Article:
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Group B streptococcal disease in infants: a case control study
  1. P T Heath1,
  2. G F Balfour1,
  3. H Tighe1,
  4. N Q Verlander2,
  5. T L Lamagni3,
  6. A Efstratiou3
  1. 1
    Child Health and Vaccine Institute, St George’s, University of London, London, UK
  2. 2
    Statistics Unit, Health Protection Agency, Colindale, London, UK
  3. 3
    Centre for Infection, Health Protection Agency, Colindale, London, UK
  1. Correspondence to Dr P T Heath, Division of Child Health, St George’s, University of London, Cranmer Terrace, London SW17 0RE, UK; pheath{at}sgul.ac.uk

Abstract

Objectives: To describe and quantify the maternal and neonatal factors associated with Group B streptococcus (GBS) disease in infants <90 days of age.

Setting: Neonatal Units in London, Oxford, Portsmouth and Bristol.

Patients: Cases were infants <90 days of age with invasive GBS disease diagnosed between 2000 and 2003, and controls were healthy infants born in the same hospital and in the same birth weight category.

Main outcome measures: Demographic and clinical data on the mother, baby, birth and neonatal stay.

Results: 138 cases and 305 controls were recruited. The majority of cases (74%) presented in the first week of life (early onset, EO); most on day 1 (89%). 65% of EO cases had one or more clinical risk factors (prematurity, prolonged rupture of membranes (PROM), known maternal GBS carriage, fever during labour). A multivariable logistic regression analysis found that the strongest independent associations with GBS disease were known maternal carriage of GBS (odds ratio (OR) 6.9), maternal infection in the peripartum period (OR 4.2) and maximum temperature in labour (OR 2.2 per °C). GBS disease was associated with twice the likelihood of PROM and fetal tachycardia (p = 0.05 and 0.07 respectively). EO cases had lower Apgar scores and were more likely to have respiratory distress and convulsions, and to require tube feeding than controls. They spent longer in hospital than controls, requiring longer stays at all levels of care.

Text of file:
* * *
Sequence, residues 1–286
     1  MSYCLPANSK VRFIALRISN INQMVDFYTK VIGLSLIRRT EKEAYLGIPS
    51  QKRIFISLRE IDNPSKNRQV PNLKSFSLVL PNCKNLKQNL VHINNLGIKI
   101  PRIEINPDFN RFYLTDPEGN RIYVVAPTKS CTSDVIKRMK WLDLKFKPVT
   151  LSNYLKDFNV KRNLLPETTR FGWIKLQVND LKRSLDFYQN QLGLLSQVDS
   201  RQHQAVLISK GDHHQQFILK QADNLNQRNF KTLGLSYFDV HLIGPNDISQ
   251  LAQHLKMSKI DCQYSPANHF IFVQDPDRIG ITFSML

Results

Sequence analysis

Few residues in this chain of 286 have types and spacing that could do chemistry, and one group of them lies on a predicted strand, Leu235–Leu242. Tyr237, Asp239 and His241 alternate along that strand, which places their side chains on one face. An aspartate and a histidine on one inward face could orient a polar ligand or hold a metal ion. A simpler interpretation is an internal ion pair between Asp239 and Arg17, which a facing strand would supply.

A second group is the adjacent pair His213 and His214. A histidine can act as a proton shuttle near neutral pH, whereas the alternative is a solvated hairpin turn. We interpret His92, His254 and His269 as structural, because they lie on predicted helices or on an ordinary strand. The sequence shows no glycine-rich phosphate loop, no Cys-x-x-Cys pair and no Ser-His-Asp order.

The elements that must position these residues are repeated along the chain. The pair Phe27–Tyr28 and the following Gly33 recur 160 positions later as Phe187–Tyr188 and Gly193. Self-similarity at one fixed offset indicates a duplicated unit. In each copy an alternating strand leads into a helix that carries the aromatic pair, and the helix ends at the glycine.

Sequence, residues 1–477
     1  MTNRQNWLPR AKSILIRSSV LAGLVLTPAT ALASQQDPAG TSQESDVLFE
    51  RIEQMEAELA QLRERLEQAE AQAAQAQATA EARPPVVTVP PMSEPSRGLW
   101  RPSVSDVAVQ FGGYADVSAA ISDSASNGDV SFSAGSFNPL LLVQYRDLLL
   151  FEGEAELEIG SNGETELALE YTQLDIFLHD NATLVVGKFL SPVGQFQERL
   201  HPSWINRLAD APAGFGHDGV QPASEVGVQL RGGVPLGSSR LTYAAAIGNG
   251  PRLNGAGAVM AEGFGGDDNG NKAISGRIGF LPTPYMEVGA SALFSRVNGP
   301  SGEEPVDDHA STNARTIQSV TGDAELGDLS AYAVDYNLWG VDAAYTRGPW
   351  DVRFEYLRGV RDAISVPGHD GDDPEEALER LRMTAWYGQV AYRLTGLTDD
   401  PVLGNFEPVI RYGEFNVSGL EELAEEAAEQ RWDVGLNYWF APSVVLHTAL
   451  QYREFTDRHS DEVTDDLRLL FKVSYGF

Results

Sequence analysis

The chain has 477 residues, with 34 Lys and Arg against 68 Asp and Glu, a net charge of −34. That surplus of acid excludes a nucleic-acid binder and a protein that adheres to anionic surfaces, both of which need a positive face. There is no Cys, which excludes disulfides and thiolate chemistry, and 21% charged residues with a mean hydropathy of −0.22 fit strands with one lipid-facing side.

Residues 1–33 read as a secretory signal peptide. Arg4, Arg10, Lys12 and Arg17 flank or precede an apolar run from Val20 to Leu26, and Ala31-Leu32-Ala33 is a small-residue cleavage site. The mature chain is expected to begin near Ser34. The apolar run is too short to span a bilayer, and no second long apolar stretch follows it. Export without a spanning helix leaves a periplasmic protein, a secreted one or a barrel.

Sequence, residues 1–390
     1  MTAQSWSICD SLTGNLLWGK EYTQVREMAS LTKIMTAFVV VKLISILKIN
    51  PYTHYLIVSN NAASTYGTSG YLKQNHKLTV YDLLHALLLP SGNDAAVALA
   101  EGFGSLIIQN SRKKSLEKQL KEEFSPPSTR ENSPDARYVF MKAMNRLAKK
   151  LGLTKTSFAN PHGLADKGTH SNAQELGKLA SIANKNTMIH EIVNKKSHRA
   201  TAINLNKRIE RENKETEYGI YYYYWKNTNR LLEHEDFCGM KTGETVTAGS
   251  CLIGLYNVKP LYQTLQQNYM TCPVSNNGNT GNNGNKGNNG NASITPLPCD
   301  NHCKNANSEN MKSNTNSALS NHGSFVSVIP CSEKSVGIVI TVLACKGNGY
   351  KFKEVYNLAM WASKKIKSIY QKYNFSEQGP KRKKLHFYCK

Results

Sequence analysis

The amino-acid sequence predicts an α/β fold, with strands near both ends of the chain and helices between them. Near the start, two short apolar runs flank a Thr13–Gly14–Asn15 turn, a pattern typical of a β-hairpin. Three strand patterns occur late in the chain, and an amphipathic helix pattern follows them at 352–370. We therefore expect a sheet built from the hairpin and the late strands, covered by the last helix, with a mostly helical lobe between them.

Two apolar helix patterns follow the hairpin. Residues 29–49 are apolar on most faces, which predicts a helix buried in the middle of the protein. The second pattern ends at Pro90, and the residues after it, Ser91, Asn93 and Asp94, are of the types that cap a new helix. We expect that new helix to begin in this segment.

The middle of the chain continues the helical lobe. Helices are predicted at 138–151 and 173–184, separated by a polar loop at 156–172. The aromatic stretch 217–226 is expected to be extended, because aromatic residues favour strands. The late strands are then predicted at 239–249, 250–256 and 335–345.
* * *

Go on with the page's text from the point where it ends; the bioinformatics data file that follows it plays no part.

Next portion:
Conclusions: Independent of birth weight, a number of maternal, birth and neonatal factors are significantly associated with GBS disease. The management of babies with GBS disease results in an appreciable use of hospital resources.

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Footnotes

  • Funding Meningitis Research Foundation.

  • Competing interests None.

  • Ethics approval Ethics approval was provided by the multicentre research ethics committee of Scotland (MREC/99/0/86).

  • Patient consent Obtained from the parents.

  • The HPA GBS Working Group comprises A Bedford-Russell, A Efstratiou, C McCartney, P Heath, R Hughes, M Jokinen, T Lamagni, A Mifsud, S Petrou, E Price, A Reynolds and L Schroeder.

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